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Immersed in Movies: Talking 'The LEGO Movie' with Chris McKay

Interviews
by Bill Desowitz
February 15, 2014 12:01 AM
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Now that The LEGO Movie is already a hit going into its second weekend and "Everything Is Awesome" (with a likely sequel in the works), let's chat with Chris McKay, the animation supervisor. He worked with Animal Logic on a particularly fitting stop-motion vibe in CG (what they called seven points of articulation).

Quite an interesting mix of animation techniques. Let's talk about that.

Obviously what we wanted was to make it look as much as the brick films as possible. And so we wanted to find a way to express that. And the majority of the film is CG and trying to make it look like stop-motion and trying to get it to have that sense of being imperfect and not slick. It grounds it something that's real and something that has a charm and an innocence and naivete... the epic vision of what a child could dream up.

What did that mean in terms of working with Animal Logic?

They make things that look big and they make things that look epic and ambitious, so we knew they had that ability. Trying to make it look photoreal was another thing but everybody in the modeling and rigging team was super nerdy about LEGO with a passion. They found ways to hide bricks when you're doing it in the computer and it's CG and it's not so fat in the pipeline. They came up with stuff just to do this movie.

And then doing stop-motion when needed in the basement.

Exactly. The thing is, this isn't a big budget movie from an animation standpoint. But LEGO was really smart about making those video games because that reached the brand out to people who maybe thought it was a toy and was simple or dumb. 

But the great thing is that it's a movie about Master Building and discovering your talent.

Which is what a lot of people go through. When you're being a creative person and you're first discovering a little bit of a rise in your dexterity and then you hit a plateau and then you drop down. You see somebody with a new idea and that sparks something. And that's a great story progression too with obstacles and reversals and his hold world is blown open when he meets all these superheroes.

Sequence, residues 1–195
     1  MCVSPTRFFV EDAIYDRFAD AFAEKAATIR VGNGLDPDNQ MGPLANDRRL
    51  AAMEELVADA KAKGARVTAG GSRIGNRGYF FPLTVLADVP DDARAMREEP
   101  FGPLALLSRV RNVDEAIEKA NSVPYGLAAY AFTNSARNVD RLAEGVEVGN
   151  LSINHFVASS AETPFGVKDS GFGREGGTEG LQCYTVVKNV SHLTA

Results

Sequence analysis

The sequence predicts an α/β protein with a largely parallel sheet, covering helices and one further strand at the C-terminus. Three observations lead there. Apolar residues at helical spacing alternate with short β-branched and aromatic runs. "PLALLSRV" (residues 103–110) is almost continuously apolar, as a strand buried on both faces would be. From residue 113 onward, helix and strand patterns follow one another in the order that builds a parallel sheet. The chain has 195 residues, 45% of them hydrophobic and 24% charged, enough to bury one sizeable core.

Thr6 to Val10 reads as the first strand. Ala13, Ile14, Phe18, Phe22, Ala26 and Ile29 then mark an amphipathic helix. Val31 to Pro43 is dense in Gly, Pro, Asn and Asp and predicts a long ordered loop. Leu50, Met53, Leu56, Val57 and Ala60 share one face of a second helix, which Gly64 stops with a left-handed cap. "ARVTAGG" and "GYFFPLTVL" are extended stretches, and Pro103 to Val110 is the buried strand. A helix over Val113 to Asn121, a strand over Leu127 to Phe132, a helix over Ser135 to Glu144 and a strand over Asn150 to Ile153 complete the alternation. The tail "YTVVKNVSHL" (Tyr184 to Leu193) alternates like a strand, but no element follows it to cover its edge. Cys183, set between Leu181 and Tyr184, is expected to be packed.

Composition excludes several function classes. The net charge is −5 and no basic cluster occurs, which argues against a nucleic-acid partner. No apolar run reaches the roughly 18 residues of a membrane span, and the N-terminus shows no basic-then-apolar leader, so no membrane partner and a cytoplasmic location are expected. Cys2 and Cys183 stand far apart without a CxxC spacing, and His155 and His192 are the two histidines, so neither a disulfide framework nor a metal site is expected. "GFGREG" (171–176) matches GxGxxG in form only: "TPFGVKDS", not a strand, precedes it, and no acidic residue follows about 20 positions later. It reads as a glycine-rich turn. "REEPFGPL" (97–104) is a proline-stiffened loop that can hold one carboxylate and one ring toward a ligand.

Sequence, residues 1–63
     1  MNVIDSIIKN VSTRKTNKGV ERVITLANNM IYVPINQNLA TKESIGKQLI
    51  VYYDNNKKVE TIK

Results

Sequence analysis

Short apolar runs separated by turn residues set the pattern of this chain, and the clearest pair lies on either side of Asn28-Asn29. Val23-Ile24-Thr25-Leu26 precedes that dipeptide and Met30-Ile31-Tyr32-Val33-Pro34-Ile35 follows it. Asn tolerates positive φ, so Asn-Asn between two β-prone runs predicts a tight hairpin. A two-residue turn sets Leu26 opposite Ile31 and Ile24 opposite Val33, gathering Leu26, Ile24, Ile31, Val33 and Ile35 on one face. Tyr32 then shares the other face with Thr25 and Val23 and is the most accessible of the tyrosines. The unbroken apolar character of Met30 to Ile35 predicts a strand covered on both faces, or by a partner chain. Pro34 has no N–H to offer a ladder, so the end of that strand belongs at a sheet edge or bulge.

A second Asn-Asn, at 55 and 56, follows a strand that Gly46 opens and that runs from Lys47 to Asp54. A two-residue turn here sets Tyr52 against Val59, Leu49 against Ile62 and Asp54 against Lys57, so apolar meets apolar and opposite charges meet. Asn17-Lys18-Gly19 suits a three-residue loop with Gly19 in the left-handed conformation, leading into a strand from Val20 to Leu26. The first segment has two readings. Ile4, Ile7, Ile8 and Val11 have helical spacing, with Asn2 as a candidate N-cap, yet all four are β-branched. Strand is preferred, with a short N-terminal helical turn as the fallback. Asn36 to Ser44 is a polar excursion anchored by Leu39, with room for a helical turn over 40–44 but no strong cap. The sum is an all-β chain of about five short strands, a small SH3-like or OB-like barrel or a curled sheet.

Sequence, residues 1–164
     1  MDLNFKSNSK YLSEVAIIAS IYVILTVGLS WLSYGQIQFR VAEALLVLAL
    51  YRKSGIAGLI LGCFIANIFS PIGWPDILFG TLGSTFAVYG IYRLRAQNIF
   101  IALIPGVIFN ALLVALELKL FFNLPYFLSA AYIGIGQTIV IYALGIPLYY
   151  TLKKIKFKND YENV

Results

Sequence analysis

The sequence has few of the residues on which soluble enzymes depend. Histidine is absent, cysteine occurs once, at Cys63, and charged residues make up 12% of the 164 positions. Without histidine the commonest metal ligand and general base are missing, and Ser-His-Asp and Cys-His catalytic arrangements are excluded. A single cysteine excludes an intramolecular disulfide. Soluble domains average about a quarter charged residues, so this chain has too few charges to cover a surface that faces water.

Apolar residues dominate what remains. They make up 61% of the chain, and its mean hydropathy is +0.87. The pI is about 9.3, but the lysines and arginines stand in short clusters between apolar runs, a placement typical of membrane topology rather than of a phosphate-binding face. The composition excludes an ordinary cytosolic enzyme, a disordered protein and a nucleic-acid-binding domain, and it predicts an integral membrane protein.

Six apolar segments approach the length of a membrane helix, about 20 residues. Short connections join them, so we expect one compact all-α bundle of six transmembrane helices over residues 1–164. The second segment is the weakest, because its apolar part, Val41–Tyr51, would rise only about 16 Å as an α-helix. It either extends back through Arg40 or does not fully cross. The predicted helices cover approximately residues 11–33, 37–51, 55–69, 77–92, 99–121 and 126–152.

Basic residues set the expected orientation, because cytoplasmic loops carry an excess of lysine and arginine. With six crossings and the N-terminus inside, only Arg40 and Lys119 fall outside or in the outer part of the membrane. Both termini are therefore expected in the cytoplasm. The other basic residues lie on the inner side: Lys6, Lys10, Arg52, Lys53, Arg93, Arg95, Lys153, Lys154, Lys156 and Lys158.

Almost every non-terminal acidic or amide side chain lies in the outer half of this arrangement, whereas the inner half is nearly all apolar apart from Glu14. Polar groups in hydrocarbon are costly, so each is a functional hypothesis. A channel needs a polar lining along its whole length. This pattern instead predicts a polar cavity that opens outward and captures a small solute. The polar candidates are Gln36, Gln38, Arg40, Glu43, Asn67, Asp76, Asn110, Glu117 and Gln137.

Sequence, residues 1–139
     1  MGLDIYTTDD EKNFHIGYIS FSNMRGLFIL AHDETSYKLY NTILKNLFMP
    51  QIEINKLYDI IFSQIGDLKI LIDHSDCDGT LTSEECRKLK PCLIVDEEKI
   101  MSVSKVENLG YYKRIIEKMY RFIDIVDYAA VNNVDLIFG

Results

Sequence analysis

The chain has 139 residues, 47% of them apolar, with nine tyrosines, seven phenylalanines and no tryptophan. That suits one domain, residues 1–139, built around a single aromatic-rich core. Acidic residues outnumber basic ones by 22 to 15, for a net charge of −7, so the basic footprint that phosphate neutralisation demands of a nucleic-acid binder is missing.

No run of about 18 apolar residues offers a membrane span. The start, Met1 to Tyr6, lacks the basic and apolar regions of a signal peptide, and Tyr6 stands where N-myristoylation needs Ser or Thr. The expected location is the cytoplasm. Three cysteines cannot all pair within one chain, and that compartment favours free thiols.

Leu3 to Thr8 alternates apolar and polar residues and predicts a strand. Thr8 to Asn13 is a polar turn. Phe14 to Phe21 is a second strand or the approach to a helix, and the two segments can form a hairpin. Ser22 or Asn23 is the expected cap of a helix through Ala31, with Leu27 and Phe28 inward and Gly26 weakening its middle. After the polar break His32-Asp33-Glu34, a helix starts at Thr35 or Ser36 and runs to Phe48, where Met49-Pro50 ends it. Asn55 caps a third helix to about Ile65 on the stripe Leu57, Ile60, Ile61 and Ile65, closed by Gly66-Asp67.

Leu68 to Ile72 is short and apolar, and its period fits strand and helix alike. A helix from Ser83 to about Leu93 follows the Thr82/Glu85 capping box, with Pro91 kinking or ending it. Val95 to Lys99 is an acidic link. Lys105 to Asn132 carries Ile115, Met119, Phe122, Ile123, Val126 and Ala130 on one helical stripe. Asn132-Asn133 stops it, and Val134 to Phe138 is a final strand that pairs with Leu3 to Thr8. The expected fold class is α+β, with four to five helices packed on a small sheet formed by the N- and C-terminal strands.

It's a delightful anti-Hollywood/Hollywood movie.

Yeah, it goes back to the Sam Fuller B-movie days with these little mind bombs that they snuck inside the A-story. That to me what was really fun about this and the fact that Warner Bros. and LEGO were on board.

What were some of the difficult challenges? The ocean, for instance.

There are images that we wanted to try and achieve that everyone was initially afraid of. When you're talking about millions and millions of bricks, and waves and all of interaction, that is a daunting challenge from every perspective. But everyone wanted it to be able to work so we developed tools to do that.

Brick fluid sim?

Right. I think all those little details add up, and there were all sorts of things going on in the background for one or two frames that are just trying to show all of the creativity it takes to tell a story with the medium of LEGO.

I hear you came up with solution from Robot Chicken?

Yeah, often times we'd do little gags where you'd break an arm off, so I'm facing you with my right shoulder away from you and we're going to throw a punch. Well, these guys don't twist their bodies, so we would bust the arm off for one frame and let the arm do the work and then the body caught up with it. And what's fun about this seven points of articulation is that you can do these insane things that your body can't do. You can spin your arm all the way around and grab a chair and throw your body weight over it and land on a guy and then turn that movement into something else. For us, we were trying to create life inside the face, with the way that a guy's posed within the environment, showing that there's an inner life in these characters and trying to bring that out.

For the faces, you created a library of 2D poses?

Yeah and then let the animators look at it and then added extra lines or under lids that really squeezed up really high. We would let them cut loose with their own sense of how to present an idea. We constantly had to come up with new things in a way to get you to care about Emmet.

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